“Where’s Patagonia?” Embarassingly, that was the first thing that came to mind when Chris said Patagonia was at the top of his bucket list. After a little research, our first big nonrev adventure through Torres Del Paine National Park was planned for January 2016.
Many friends have inquired about the logistics of our trek, so I wrote a brief overview on our itinerary and some random things I thought would be good to know to prepare for your own trek along the “W.”
We planned our trip for the last two weeks of January. We flew from ATL to Santiago, Chile. We booked a $90 (each way) flight from SCL to PUQ, Punta Arenas, on Sky airlines. Once we landed in Punta Arenas (PA) we took a cab to the bus station in town. From there, we bought round trip bus tickets to Puerto Natales (PN), the main town outside of Torres Del Paine National Park. It was a very long day of travel, but we had read that there wasn’t a ton to do in Punta Arenas so we wanted to get up to PN as soon as possible to start the trek.
We stayed in a hostel that first night in PN, but most were sold out so once we finally found one with vacancy, the quality wasn’t the best. I would recommend booking one in advance for that first night. While we were in PN, we booked an ice hike with Bigfoot Patagonia on Glacier Grey along the W trek. This cost maybe $100 USD and was worth every penny.
To begin the trek from PN you take another bus to the Torres Del Paine park entrance. Once you check in, pay your permit, and watch a video on rules and regs, you are free to start your trek. We wanted to begin the W on the west side and trek from West to East, as we heard the wind would come more from behind us if we trekked in that direction. In the end, we were very happy with our choice. But people go from both directions. We took another bus from the park entrance to the lake, and bought a ticket for a catamaran ride to the west side. I highly recommend doing this, as the views are absolutely spectacular. My favorite photos from the trip are from this catamaran which happened to be on day 1.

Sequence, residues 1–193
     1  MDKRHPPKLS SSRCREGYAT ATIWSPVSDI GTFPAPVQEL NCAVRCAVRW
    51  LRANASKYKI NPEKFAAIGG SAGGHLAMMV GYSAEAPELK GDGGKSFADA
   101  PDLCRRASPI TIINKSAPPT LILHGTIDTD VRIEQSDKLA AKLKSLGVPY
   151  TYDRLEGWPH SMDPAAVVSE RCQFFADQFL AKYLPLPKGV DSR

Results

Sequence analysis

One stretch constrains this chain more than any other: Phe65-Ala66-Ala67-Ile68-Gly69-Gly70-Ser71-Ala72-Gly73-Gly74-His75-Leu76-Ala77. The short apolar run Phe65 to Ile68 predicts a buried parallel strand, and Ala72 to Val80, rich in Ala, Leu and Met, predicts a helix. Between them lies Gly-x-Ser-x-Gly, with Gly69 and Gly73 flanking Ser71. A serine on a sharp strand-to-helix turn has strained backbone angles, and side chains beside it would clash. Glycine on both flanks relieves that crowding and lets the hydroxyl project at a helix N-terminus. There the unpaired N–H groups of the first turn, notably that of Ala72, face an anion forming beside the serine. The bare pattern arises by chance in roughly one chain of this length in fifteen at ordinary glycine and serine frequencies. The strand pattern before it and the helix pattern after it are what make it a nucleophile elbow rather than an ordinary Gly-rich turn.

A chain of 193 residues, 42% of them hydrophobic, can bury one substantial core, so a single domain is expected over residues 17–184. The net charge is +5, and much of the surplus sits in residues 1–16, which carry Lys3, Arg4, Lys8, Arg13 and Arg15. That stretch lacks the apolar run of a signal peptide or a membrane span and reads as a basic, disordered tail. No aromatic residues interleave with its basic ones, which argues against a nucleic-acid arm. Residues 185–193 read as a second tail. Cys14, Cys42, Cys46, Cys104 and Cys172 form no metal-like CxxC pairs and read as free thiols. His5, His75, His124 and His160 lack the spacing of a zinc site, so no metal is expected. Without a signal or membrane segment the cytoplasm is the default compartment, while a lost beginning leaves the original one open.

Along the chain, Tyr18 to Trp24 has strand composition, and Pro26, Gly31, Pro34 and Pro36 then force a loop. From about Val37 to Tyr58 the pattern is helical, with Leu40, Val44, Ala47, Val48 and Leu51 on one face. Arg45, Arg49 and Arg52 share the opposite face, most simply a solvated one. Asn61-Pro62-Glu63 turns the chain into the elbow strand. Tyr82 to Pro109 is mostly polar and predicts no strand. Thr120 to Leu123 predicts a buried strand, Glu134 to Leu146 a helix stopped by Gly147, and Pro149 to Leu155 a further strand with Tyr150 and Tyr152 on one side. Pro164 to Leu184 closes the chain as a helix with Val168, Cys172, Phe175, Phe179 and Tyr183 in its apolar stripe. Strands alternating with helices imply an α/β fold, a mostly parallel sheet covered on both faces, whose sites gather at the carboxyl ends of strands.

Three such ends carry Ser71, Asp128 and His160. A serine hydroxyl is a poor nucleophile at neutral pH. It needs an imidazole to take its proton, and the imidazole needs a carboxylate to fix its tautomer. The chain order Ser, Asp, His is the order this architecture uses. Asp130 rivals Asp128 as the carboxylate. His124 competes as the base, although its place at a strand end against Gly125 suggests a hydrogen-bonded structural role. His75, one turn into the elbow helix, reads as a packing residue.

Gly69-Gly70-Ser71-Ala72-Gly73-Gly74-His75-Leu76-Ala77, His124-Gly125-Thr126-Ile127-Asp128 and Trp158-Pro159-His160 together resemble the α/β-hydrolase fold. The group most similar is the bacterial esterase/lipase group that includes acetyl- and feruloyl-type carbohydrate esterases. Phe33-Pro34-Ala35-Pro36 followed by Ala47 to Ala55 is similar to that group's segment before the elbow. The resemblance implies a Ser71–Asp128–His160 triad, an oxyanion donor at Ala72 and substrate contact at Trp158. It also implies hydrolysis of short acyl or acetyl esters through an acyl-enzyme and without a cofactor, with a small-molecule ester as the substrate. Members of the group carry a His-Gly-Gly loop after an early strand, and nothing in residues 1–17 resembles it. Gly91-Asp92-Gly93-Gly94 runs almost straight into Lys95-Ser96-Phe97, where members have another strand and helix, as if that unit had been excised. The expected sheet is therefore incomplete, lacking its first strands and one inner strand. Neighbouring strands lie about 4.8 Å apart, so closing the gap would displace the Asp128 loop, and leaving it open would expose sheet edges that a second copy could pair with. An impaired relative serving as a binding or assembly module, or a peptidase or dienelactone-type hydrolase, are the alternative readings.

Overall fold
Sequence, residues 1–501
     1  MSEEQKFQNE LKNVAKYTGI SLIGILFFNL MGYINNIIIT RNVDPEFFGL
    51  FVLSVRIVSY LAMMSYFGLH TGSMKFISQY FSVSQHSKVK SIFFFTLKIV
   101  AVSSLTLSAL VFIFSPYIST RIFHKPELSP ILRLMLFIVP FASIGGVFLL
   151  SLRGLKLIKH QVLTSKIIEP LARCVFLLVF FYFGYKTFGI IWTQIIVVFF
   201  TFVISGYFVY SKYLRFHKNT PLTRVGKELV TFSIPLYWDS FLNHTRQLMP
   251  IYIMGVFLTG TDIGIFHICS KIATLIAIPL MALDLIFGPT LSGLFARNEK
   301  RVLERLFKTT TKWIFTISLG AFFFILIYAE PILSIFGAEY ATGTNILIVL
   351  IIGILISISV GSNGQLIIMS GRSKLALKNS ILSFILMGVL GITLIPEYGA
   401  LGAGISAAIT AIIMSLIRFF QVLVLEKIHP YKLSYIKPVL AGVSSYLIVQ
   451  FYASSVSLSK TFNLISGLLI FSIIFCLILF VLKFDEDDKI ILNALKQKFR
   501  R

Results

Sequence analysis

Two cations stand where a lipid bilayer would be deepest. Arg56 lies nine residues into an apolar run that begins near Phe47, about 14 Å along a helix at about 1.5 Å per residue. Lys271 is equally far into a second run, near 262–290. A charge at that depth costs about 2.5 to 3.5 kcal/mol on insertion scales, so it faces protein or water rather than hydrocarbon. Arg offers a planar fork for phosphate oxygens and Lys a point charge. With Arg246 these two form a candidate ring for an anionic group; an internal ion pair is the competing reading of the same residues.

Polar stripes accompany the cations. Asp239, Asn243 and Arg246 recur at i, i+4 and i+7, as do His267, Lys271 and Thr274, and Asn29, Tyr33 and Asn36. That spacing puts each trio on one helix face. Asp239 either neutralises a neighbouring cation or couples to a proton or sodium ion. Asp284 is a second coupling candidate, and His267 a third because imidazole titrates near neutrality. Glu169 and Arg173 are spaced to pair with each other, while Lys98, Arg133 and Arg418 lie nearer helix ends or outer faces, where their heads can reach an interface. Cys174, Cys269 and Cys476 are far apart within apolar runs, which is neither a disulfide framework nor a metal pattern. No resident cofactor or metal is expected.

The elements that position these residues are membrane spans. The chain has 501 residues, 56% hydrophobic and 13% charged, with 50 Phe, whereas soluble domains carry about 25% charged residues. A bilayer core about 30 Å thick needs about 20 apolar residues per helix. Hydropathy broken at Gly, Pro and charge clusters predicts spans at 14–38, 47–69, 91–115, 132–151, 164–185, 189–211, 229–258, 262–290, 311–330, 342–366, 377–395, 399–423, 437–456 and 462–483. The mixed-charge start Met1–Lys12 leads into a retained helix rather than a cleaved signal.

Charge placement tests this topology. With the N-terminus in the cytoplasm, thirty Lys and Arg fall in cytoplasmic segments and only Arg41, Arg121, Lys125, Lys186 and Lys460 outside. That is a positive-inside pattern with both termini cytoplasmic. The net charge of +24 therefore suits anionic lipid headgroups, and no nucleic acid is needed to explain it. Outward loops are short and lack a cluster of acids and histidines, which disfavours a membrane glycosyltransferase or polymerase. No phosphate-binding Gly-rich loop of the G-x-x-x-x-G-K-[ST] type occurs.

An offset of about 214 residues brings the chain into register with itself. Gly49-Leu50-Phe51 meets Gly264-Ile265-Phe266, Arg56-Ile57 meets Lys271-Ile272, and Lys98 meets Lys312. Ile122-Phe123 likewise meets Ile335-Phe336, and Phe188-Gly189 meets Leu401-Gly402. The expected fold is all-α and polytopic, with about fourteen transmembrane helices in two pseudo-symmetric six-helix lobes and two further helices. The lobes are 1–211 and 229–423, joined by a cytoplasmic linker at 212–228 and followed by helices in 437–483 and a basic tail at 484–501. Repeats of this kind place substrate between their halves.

I looked online for various hikers’ itineraries of the W and found the maps in this post to be very helpful. We eventually did 7 days and 6 nights. With the intensity and unpredictability of Patagonian weather, I would suggest setting up this amount of time for the trek, but most hikers we talked to did it in 5 nights. We could have shortened it down to 5 nights, but we wanted to see the sunrise over the Three Towers at the end of our trek, which added extra time for us (side note: Damir and Chris were the only ones with enough energy to actually get up and hike in total darkness to see sunrise. Once Chris left for the hike my tired and shivering self climbed into his quality sleeping bag and slept soundly in its warmth).
Back to logistics–Some campsites are free, while others you pay. But it’s only around $10 a night per person. There are refugios (little cabins you share with other hikers with actual beds vs camping) at many of the campsites, but those had been booked way in advance. Since we had flexible travel plans (#nonrevlife) we didn’t book any of them. It was no problem getting down to SCL, so if you’re confident in travel dates, booking a refugio for a night or 2 would be really nice, especially after a long day of hiking.
Most campsites had hot showers, but only in designated times and lines got long, so hot water wasn’t guaranteed. There also were mini stores/markets where you could buy supplies, candy, wine, beer etc. Most of our money was spent on food and drinks because after hiking all day we wanted to reward ourselves. The food in town isn’t spectacular, but the pisco sours are?. While camping we kept it simple and brought mostly camping meals from REI where you just add boiling water.
There is an extremely nice hotel you will come to before you start your trek up to the Three Towers. Here we indulged in amazing food and drinks and bought wifi. We stayed in the campsite nearby, and were definitely underdressed, but we took advantage of its facilities and paid for a nice meal before completing our trek up the mountain.
The weather varies immensely. One day I was hiking in a tank top and shorts, and on another I had on every piece of clothing I brought. Layers are key here. We brought our own tent (which Chris carried the whole time) but we eventually regretted bringing our own. Patagonia’s winds are no joke and our tent couldn’t withstand them one night and ripped. Unless you have a high quality tent, I suggest renting a tent in PN. My friend rented his straight from our hostel and had no problems. Speaking of hostels, most will let you keep any items that you don’t need while on the trek in a locked room while you are on the W. That way you don’t have to carry extra weight around. Once you return you can pick up your things.
After our W trek, we bussed back to PA from PN and booked a day cruise to Penguin Island. This place is magical and is inhabited by thousands of Magellan penguins. It’s a great place for photos and such a unique experience.There also is a very old cemetery in PA which we found pretty interesting.
I hope you find these tips helpful. I had no idea what to expect on this trip, and it completely blew me away.